It appears that head-hunting has become the hobby to emulate within the White House.
Obviously, President Donald Trump has it in for Jeff Sessions, his U.S. attorney general and the head of the Justice Department.
This morning, we find that Anthony Scaramucci, the new communications director in the White House, has chief of staff Reince Priebus in his sights. To explain:
-- Late Wednesday, Lorraine Woellert of Politico.com reported that, despite his new White House job, Scaramucci “still stands to profit from an ownership stake in his investment firm SkyBridge Capital.” The key paragraph:
The incoming White House communications director earned $4.9 million from his ownership stake in SkyBridge in addition to more than $5 million in salary between Jan. 1, 2016, and the end of June, when he joined the Export-Import Bank, according to a financial disclosure filed with the Office of Government Ethics.
-- The document mentioned above is publicly and legally available. But shortly before 1 a.m., Scaramucci sent out a message via Twitter – then deleted it. But not before The Hill newspaper had snagged an image of it:
In light of the leak of my financial disclosure info which is a felony. I will be contacting @FBI and the @TheJusticeDept #swamp @Reince45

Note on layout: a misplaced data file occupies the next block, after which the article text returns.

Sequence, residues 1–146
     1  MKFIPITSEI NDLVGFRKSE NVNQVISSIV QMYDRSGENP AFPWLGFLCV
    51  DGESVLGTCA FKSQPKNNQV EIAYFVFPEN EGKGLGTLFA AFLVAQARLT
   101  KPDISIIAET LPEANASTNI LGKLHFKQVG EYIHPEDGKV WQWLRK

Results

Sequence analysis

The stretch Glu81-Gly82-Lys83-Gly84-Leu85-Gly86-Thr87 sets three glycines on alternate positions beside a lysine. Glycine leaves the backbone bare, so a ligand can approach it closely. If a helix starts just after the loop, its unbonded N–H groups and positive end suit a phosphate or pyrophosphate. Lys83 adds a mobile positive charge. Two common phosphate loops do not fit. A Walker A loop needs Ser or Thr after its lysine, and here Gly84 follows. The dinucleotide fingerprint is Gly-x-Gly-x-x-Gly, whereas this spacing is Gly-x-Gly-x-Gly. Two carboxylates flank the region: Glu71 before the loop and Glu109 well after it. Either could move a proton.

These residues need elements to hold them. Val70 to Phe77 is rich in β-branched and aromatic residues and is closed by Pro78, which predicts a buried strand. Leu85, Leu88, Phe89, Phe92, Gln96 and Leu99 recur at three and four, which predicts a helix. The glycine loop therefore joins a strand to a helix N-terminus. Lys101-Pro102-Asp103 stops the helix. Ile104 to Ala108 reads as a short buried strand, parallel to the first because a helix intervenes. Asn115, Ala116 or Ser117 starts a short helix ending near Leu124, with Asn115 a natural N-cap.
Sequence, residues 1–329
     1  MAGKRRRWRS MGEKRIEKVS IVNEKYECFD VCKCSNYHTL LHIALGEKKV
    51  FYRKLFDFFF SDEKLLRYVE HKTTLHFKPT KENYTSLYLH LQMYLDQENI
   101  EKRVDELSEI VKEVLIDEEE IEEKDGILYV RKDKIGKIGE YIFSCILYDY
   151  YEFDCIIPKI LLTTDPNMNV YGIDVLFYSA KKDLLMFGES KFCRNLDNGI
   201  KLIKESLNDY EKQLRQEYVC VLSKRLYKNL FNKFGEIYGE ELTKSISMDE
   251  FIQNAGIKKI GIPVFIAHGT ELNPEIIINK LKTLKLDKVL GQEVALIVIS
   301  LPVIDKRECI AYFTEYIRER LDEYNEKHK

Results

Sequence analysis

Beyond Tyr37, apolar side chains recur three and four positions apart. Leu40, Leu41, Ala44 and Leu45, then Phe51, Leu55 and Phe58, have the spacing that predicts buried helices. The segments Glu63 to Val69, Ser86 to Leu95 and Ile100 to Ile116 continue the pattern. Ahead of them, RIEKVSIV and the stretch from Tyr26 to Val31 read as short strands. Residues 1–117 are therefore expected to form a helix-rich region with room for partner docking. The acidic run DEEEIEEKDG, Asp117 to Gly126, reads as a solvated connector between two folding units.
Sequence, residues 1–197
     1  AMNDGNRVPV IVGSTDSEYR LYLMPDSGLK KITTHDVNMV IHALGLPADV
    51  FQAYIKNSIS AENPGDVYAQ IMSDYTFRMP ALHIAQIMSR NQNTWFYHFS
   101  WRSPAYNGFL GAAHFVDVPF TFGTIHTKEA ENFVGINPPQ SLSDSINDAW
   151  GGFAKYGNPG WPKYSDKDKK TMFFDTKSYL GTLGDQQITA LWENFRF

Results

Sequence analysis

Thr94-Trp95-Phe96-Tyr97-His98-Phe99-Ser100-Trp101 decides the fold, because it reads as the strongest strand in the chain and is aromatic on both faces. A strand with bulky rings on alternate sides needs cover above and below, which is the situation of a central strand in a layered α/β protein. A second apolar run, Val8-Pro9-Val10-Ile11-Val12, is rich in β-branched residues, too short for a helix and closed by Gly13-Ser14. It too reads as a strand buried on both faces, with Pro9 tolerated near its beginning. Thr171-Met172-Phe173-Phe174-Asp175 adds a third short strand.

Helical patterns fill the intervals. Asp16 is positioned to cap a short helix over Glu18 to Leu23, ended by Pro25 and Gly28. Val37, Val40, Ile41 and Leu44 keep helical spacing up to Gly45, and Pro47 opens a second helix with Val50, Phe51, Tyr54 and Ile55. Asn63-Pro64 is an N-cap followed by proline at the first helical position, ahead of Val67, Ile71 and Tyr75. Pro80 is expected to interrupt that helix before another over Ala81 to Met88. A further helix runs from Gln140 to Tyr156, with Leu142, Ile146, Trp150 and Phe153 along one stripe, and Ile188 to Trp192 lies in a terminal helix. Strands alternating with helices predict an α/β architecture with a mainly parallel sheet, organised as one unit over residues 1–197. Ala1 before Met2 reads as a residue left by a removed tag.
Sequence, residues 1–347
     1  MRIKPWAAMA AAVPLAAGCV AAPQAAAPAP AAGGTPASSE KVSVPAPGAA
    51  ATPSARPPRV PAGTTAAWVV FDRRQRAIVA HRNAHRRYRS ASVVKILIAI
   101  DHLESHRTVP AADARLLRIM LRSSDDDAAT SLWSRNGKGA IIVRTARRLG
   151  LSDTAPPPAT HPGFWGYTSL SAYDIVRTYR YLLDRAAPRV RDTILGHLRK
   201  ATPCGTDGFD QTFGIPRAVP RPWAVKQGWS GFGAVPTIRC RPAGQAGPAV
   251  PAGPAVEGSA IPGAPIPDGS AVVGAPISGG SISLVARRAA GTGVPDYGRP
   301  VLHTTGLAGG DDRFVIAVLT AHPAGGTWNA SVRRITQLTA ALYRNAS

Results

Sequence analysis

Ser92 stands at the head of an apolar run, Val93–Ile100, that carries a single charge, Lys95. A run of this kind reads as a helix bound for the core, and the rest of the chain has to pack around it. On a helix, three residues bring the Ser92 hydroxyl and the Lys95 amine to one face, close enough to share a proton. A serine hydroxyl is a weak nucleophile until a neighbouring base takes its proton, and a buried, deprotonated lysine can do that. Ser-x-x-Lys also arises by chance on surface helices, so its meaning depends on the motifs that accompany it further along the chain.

— Anthony Scaramucci (@Scaramucci) July 27, 2017
Notice the tags #swamp and @Reince45. The latter is the Twitter account of Priebus, the former chairman of the Republican National Committee.
"As you know from the Italian expression, ‘The fish stinks from the head down.’ Well, I can tell you two fish that don’t stink, okay? And that’s me and the president. I don’t like the activity that’s going on in the White House. I don’t like what they’re doing to my friend.
"I don’t like what they’re doing to the president of the United States or to their fellow colleagues in the West Wing.
"Now, if you want to talk about the chief of staff, we have had odds, we have had differences. When I said we were brothers from the podium, that’s because we’re rough on each other. Some brothers are like Cain and Abel. Other brothers can fight with each other and get along. I don’t know if this is reparable or not….."
Just a few minutes ago, the author of the Politico piece who started this snowball rolling denied she had any help:
State Rep. Scott Holcomb, D-Atlanta, had a wry observation when asked Wednesday about President Donald Trump’s unusual announcement of a military ban on transgender service personnel. From 11Alive:
State Rep. Scott Holcomb (D-81), an Army veteran who served in Afghanistan, Bosnia and Iraq, said that, for military personnel, this isn't an issue.
"The U.S. Department of Defense carefully studied this issue before implementing the current policy," Holcomb said. "It explained why it was changing its policy and addressed both issues of military readiness and cost. Other than a tweet from an unreliable source, I haven’t seen any evidence to suggest that a serious review of existing policy took place."
You know that Emory University and the U.S. Centers for Disease Control and Prevention are seeking annexation into the city of Atlanta.